I need to write a script to work in Windows, that when executed will run a command in some of sub-directories, but unfortunately I have never done anything in batch, and I don't know where to start.

With the example structure of folders:


I want the script to enter the specified folders (e.g. only 'one' and 'four') and then run some command inside every child directories of that folders.

If you could provide any help, maybe some basic tutorial or just names of the commands I will need, I would be very grateful.

  • how do you differentiate "one and four" from "two and three" ? Is there an algorithm which can tell us which to use ?
    – Marged
    Oct 22 '15 at 8:51
  • it shoul be hard coded, I need this to run always in the same directories
    – Kacper
    Oct 22 '15 at 8:58

You can tell the batch to iterate directories:

for /d %i in (C:\temp\*) do ( cd "%i" &  *enter your command here* ) 

Use a percent sign when run directly on the command line, two when run from a batch

In a batch this would look something like this:

@echo off
set back=%cd%
for /d %%i in (C:\temp\*) do (
cd "%%i"
echo current directory:
cd %back%

Put the commands you need in the lines between ( and ). If you replace C:\temp\ with %1 you can tell the batch to take the value of the directory from the first parameter when you call it. Depending of the amount of directories you then either call the batch for each directory or read them from a list:

for /f %i in (paths.lst) do call yourbatch %i

The paths.lstwill look like this:


All of this is written from memory, so you might need to add some quotations marks ;-) Please note that this will only process the first level of directories, that means no child folders of a selected child folder.

  • if I copy code your code to a .file, and run it in CMD it says: "i was unexpected at this time". And if I wanted the script to run in current directory I simply replace C:\temp\ with a dot?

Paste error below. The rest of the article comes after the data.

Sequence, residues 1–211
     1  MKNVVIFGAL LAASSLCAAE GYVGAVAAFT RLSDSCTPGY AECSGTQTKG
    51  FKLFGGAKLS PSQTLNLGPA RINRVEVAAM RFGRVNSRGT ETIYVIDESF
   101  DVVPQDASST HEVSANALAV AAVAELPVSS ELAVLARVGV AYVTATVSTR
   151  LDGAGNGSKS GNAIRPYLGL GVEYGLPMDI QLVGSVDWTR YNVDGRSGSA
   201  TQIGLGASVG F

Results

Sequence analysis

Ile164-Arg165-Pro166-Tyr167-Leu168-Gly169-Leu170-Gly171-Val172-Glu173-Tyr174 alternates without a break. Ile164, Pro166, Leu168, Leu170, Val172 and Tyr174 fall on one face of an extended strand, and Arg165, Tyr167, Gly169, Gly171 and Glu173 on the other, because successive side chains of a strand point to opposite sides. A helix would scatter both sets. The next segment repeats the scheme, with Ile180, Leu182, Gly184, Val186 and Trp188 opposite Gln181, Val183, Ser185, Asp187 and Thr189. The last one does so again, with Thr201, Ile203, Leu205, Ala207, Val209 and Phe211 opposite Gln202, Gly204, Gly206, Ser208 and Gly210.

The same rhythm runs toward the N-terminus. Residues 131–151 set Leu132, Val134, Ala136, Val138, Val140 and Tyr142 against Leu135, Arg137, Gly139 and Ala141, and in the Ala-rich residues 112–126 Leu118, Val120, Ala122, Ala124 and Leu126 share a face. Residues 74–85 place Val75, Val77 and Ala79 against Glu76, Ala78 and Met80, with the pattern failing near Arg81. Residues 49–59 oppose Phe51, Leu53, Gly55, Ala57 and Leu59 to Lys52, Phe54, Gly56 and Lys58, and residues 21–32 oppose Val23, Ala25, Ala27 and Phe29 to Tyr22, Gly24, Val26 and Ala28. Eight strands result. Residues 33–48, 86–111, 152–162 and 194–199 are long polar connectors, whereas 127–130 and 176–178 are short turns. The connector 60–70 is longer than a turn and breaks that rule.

– Kacper
    Oct 22 '15 at 9:14
  • Yes, it works. I did something wrong the previous time. I think I know what I should do now, thanks for help!
    – Kacper
    Oct 22 '15 at 9:32
  • Can you please look at this case? stackoverflow.com/questions/45482766/…
    – amelie
    Aug 3 '17 at 12:02
  • I wanted to do this from a list defined in the file itself, and I found this stackoverflow.com/a/16571278/3066295
    – TT--
    Nov 5 '18 at 22:17
  • 1
    command 'set back=%cd%' to save directory name can be replaced by pushd . and command 'cd %back%' to restore previous saved current folder can be replaced by 'popd'.
    – schlebe
    Feb 1 '19 at 6:26

You should take a look at this. The command you are looking for is FOR /R. Looks something like this:

FOR /R "C:\SomePath\" %%F IN (.) DO (
    some command
  • It would run in every subfolder, and I needed to run a command only in first child directiories.
    – Kacper
    Oct 22 '15 at 9:33

I like answer of Marged that has been defined as BEST answer (I vote up), but this answer has a big inconvenience.

When DOS command between ( and ) contains some errors, the error message returned by DOS is not very explicit.

For information, this message is

) was unexpected at this time.

To avoid this situation, I propose the following solution :

@echo off

pushd .
for /d %%i in (.\WorkingTime\*.txt) do call :$DoSomething "%%i"

exit /B


echo current directory: %1
cd %1
echo current directory: %cd%
cd ..

exit /B

The FOR loop call $DoSomething "method" for each directory found passing DIR-NAME has a parameter. Caution: doublequote are passed to %1 parameter in $DoSomething method.

The exit /B command is used to indicate END of method and not END of script.

The result on my PC where I have 2 folders in c:\Temp folder is

D:\@Atos\Prestations>call test.bat
current directory: ".\New folder"
current directory: D:\@Atos\Prestations\New folder
current directory: ".\WorkingTime"
current directory: D:\@Atos\Prestations\WorkingTime
Press any key to continue . . .

Caution: in Margeds answer, usage of cd "%%i" is incorrect when folder is relative (folder with . or ..).

Why, because the script goto first folder and when it is in first folder it request to goto second folder FROM first folder !


On Windows 10 and later, it should be like this:

@echo off
for /D %%G in ("C:\MyFolderToLookIn\*") DO ( 

echo %%~nxG


This will show the name of each folder in "C:\MyFolderToLookIn". Double quotes are required. If you want to show full path of the folder, change echo %%~nxG with echo %%G

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